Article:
Rimsky-Korsakov, though very famous by then, was a self-taught musician. Having little knowledge in musical theory, he wrote mostly on intuition. He did not even know the names of musical chords or their intervals, never having written a counterpoint or conducted an orchestra.
Aware of his shortcomings, he now began to study music on the advice of Pyotr Ilyich Tchaikovsky, Professor of Music Theory at the Moscow Conservatory. Composing very little during this period, he concentrated on his lessons, especially studying counterpoint and the fugue.
Continuing to teach at the Conservatory, Rimsky-Korsakov completed his studies in 1875. Meanwhile in 1873, he was allowed to leave naval service, concurrently being appointed Inspector of Naval Bands, a newly created civilian post.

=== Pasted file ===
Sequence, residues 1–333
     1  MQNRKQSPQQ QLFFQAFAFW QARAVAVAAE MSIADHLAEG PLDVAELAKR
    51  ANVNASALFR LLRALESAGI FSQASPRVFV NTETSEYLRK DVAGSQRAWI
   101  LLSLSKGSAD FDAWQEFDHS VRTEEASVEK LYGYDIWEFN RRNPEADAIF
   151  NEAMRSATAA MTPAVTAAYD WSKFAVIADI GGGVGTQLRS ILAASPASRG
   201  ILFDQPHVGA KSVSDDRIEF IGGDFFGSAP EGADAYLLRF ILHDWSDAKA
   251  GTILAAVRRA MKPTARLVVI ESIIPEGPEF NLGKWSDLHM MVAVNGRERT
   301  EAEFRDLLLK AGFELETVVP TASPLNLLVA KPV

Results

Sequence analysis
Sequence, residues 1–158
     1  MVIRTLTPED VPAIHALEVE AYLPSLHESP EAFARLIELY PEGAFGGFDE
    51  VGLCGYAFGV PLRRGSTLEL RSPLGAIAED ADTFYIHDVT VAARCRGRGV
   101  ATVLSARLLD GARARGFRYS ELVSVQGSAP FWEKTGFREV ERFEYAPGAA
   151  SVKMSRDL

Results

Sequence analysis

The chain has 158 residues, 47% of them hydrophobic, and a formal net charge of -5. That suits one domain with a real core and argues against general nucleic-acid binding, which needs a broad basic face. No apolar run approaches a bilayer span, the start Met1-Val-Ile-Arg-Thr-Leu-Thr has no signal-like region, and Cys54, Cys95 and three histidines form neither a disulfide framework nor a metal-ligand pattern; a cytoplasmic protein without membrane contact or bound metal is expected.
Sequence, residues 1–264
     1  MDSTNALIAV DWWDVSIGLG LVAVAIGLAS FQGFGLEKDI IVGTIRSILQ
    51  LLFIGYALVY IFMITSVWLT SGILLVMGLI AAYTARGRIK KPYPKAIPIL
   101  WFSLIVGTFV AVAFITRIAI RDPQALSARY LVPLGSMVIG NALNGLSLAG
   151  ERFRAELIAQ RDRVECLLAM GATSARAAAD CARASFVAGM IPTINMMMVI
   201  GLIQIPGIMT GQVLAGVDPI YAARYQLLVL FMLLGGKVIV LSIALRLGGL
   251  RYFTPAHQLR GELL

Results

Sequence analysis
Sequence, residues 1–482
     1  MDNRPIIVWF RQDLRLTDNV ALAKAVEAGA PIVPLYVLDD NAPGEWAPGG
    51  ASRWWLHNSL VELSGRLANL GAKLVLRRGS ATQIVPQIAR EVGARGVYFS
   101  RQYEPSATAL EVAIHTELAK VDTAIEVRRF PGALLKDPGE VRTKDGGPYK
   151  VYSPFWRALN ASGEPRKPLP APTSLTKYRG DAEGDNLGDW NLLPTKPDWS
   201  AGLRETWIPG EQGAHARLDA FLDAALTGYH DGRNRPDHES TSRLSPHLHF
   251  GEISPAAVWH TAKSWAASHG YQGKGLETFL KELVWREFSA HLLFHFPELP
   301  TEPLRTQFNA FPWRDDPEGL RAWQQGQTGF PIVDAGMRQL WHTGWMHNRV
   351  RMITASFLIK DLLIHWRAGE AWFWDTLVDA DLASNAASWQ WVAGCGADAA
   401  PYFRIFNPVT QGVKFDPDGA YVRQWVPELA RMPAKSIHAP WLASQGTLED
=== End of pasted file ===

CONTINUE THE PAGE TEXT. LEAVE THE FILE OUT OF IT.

From 1873 to March 1884, he devoted himself to his new duty, visiting naval bands throughout the country, supervising appointments of bandmasters and inspecting the quality of the instruments. He also wrote separate study programs for the music students with navy fellowship at the Conservatory.
On 2 March 1874, he appeared as a conductor, conducting his ‘Symphony No 3’. Later in the same year, he was appointed Director of the Free Music School in St. Petersburg, a position he held until 1881.
From 1875, he began to revise all the works he had written before 1874. Sometime now, he also began working as Balakirev’s deputy in the Court Chapel, seizing the opportunity to study Russian Orthodox Church music, concurrently teaching at the Chapel and writing textbooks on harmony.